In an attempt to clarify rumors earlier in the day, the White House issued a statement late Wednesday night saying they WILL NOT officially withdraw from NAFTA “at this time”. Instead, President Trump had spoken to both President Enrique Pena Nieto of Mexico and Prime Minister Justin Trudeau of Canada and all parties have agreed to start a renegotiation of the long standing pact between the countries.
News that Trump may withdraw from NAFTA roiled agricultural and currency markets yesterday as traders digested the implications of such a move. Both the National Corn Growers and a joint statement from the National Association of Wheat Growers and US Wheat associates urged the President to hold off on such a move. The statement from the wheat growers said:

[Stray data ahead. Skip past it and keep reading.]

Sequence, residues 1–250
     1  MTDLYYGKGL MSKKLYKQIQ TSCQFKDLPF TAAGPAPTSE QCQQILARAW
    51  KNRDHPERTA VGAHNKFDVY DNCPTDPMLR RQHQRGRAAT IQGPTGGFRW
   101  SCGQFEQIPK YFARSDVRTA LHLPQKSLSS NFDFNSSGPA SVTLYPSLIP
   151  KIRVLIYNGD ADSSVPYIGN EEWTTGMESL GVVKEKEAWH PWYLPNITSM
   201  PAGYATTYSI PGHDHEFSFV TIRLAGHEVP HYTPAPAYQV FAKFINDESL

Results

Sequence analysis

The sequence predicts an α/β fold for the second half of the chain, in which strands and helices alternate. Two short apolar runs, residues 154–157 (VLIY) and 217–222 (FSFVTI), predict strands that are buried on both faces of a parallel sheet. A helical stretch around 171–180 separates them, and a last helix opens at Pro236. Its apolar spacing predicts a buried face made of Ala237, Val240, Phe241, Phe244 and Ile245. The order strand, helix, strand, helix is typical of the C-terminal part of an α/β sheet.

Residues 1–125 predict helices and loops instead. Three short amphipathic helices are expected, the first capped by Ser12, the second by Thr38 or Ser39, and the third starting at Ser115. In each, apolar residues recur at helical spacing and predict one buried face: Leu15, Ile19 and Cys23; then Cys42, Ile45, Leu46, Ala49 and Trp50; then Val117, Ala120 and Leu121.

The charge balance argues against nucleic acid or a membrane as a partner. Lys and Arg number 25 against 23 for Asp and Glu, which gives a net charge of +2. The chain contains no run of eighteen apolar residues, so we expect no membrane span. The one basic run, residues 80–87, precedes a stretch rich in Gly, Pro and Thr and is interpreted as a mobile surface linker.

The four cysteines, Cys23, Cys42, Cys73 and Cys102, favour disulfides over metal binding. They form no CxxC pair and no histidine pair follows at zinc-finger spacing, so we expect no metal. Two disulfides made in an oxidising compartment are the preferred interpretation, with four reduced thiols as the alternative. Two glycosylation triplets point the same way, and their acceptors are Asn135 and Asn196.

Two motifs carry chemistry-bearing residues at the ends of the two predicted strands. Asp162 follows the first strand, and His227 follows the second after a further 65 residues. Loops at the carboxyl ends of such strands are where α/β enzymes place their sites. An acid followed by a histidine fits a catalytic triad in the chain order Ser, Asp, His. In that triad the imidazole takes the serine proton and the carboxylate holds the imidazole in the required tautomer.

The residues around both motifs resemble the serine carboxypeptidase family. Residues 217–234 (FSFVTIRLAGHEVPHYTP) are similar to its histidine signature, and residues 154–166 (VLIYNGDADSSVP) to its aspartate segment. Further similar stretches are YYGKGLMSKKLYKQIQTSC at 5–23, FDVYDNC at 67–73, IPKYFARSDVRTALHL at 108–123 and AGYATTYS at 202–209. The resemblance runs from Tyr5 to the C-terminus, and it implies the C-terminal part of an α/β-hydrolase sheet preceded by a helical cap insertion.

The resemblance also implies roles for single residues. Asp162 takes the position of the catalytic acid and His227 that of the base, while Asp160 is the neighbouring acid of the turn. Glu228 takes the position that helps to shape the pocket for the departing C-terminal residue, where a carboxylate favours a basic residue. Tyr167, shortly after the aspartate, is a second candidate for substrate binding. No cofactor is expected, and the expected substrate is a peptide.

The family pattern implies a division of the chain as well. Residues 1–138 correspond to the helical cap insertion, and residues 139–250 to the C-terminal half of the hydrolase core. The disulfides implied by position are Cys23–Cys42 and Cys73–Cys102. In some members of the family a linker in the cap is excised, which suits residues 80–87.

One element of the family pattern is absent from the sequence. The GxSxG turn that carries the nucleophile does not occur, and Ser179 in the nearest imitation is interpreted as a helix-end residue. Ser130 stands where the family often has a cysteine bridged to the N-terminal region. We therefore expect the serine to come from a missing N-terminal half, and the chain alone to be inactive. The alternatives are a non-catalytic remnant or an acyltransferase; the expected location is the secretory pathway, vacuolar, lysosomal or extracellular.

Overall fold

“USW and NAWG understand that there are several elements of the trade agreement that could be re-examined and modernized. However, we believe withdrawing from NAFTA would be a serious mistake. It could lead to new tariffs on U.S. wheat and threaten to undermine the long-standing, loyal relationship U.S. wheat farmers have built with Mexico’s wheat buyers and food industry. That would be devastating to U.S. wheat farmers already facing unprofitable prices and increasingly aggressive wheat exporting competitors.”
Mexico alone moves between the top two buyers of US corn and is the top buyer of US originated wheat and barley. They are also big buyers of US originated pork and beef exports.
While government traditionally moves slow, there is some incentive to speed these discussions along. Mexico has a presidential election coming up in 2018 and current President Pena Nieto is ineligible to run due to term limits. Negotiators for the US would be the still to be confirmed as US Trade Representative Robert Lighthizer.